Tutorial :How well does .NET dictionary resolve collisions?


I have a problem with a custom object that needs to be keyed for a table. I need to generate a unique numeric key. I'm having collision problems and I'm wondering if I can leverage a dictionary to help me. Assume I have an object like this:

class Thingy  {      public string Foo;      public string Bar;      public string Others;  }  

and so on with more fields. Lets say Foo and Bar are my key fields - if they're equal between two Thingys, then the two objects should be considered equal (one may represent an update to the other, with Others fields being updated.) So I have these:

public override bool Equals(object obj)  {      Thingy thing = (Thingy)obj; // yes I do type check first      return (this.Foo == thing.Foo && this.Bar == thing.Bar);  }    public override int GetHashCode()  {      return (this.Foo + this.Bar).GetHashCode(); // using default string impl  }  

so this works for the most part, but there are rare occasions where two Thingys that are actually different have the same hash code.

My question is this: could I use a Dictionary<Thingy, int> where I put in my Thingys, and use a sequential value coming out of the dictionary as my actual key? I'm wondering if the Dictionary, when detecting a rare hash code collision, will call my Equals method, determine that the objects are actually different, and store them differently. I imaging then when looking it up, it would see a bucket for that hash and search for the correct Thingy, again using Equals for comparison.

Is this the case with dictionary, or does it only resolve collisions where the hash code is different, but (hash % size) is the same? If this won't work, what might?


Hash collisions only affect performance, not integrity.

A simple test would be to change GetHashCode() to simply return 1;. You'll note that the dictionary still behaves properly, but with any reasonable dataset, it will perform terribly.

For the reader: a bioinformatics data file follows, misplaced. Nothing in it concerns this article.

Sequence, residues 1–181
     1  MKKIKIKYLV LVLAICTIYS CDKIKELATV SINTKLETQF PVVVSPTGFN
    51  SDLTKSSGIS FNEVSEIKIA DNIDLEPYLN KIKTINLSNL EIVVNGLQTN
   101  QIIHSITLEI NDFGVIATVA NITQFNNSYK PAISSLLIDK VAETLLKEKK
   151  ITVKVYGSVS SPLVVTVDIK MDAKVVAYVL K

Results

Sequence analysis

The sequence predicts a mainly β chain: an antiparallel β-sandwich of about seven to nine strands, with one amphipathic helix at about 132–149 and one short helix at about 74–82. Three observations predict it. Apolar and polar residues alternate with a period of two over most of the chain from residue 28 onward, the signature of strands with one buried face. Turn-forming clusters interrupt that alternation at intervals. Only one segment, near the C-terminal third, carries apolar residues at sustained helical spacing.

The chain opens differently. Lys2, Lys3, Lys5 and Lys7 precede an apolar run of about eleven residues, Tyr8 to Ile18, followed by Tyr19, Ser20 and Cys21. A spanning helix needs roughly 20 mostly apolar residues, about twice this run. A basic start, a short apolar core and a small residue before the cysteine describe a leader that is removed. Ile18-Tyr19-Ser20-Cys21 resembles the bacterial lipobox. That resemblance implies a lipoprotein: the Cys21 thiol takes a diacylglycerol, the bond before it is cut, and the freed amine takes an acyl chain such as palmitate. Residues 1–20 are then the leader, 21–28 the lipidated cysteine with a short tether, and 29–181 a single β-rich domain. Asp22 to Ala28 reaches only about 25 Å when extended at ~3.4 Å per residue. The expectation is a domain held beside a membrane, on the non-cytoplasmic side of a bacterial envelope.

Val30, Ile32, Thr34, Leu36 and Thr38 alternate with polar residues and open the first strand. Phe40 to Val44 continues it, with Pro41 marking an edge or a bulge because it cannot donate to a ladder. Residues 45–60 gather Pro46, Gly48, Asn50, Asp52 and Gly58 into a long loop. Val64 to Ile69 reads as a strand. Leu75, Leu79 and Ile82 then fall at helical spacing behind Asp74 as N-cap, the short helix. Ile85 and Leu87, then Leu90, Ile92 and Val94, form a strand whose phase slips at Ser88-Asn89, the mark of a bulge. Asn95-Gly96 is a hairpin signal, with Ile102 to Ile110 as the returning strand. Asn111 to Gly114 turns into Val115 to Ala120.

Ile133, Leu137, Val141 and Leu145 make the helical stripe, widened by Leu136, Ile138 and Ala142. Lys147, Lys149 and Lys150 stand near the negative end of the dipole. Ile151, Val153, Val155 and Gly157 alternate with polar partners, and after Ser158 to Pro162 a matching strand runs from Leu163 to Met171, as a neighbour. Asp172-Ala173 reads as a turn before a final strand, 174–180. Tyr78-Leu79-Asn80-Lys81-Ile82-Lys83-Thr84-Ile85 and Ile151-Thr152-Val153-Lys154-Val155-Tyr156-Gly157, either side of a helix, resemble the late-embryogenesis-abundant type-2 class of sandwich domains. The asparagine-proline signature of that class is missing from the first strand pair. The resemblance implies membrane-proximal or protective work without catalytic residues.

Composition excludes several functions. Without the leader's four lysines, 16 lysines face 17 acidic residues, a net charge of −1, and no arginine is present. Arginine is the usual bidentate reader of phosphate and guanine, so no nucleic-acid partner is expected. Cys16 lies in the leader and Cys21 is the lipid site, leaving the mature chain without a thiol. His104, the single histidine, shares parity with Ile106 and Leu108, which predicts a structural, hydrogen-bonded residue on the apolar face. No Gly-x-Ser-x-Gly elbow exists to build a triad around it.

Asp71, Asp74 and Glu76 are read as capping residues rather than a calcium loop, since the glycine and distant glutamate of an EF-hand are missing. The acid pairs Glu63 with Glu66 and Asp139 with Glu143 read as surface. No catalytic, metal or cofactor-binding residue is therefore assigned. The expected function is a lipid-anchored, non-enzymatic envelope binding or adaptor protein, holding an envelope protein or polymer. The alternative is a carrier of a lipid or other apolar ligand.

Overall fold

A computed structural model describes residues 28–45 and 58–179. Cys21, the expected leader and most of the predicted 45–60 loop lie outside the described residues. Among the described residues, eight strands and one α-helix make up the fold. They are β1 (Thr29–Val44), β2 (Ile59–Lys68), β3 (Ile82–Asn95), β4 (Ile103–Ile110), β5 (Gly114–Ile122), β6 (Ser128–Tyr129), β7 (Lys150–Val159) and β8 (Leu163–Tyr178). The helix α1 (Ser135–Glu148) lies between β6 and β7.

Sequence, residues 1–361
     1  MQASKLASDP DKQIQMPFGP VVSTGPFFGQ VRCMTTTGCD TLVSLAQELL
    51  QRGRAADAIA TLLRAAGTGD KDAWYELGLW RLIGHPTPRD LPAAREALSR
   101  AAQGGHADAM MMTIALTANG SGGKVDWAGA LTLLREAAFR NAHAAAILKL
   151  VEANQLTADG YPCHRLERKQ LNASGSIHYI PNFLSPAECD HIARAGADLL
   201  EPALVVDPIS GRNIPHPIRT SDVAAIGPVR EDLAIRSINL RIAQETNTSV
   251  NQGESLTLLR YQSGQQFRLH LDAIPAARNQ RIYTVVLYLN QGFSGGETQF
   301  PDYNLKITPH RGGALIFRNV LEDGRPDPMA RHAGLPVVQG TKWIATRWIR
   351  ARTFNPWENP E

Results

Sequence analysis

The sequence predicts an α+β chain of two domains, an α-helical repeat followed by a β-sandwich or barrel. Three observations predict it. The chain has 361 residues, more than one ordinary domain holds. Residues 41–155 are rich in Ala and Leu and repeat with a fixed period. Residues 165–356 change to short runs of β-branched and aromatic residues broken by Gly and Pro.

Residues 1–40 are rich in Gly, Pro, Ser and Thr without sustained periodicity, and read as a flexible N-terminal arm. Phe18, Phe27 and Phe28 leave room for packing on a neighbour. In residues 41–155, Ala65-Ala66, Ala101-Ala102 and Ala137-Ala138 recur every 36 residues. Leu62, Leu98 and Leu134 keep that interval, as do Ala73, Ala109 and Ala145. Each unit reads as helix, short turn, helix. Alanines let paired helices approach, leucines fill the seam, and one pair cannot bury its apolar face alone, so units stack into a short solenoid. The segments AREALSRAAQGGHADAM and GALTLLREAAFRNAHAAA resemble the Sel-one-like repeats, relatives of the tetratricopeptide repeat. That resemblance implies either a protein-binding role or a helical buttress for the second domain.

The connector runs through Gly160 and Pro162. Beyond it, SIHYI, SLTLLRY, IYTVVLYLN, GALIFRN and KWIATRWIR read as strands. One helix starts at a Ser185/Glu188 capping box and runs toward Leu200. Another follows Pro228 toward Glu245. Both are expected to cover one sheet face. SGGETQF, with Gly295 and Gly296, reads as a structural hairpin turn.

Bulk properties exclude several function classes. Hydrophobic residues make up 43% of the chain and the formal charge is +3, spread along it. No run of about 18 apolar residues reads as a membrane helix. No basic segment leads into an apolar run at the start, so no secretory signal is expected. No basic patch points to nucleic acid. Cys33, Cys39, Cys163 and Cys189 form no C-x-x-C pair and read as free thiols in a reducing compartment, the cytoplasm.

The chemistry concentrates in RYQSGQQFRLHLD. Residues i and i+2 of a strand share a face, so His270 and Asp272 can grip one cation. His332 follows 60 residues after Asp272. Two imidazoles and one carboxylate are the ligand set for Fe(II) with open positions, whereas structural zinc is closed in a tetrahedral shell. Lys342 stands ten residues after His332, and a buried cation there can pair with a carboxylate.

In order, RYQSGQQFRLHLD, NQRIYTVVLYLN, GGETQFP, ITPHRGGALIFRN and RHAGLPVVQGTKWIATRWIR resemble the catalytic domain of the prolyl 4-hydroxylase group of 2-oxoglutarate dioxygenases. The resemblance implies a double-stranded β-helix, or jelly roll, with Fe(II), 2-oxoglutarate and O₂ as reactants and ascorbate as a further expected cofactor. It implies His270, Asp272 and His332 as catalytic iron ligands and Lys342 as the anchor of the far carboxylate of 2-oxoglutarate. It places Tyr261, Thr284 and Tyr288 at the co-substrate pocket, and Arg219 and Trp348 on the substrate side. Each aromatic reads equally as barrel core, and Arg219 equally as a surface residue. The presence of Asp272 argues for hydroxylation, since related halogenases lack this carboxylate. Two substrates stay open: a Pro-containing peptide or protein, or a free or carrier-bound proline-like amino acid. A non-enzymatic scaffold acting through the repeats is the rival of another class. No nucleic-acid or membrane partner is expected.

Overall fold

Hash collisions will primarily affect performance - not correctness. So long as Equals() behaves correctly.

Dictionary uses the hash code as a way to organize items into separate "buckets". If too many items share the same hash code, you can run into performance problems. However, as long as Equals() can correctly distinguish between instances, you should get correct results.

Where hash codes can result in problems is with mutable objects. If your Thingy class allows Foo or Bar to change for an item in the dictionary, you may then fail to find it in a subsequent access attempt. This is because the hash code produced now differs from the one used to store the value in the dictionary.


GetHashCode is designed for use in hash tables, where collisions need to be minimized but not eliminated. If you need to generate a truly unique key, GetHashCode is a reasonable starting point (and not as excessively long as a guid), but you will need to store the key as part of the object and maintain a list of used keys seperately.

While you may be able to retrieve something that looks usable from the internals of Dictionary, it probably won't work reliably - for example if you add more items than the dictionary was initially allocated to handle, the underlying data structure will get rebuilt and individual items could end up in a completely different part of the dictionary.

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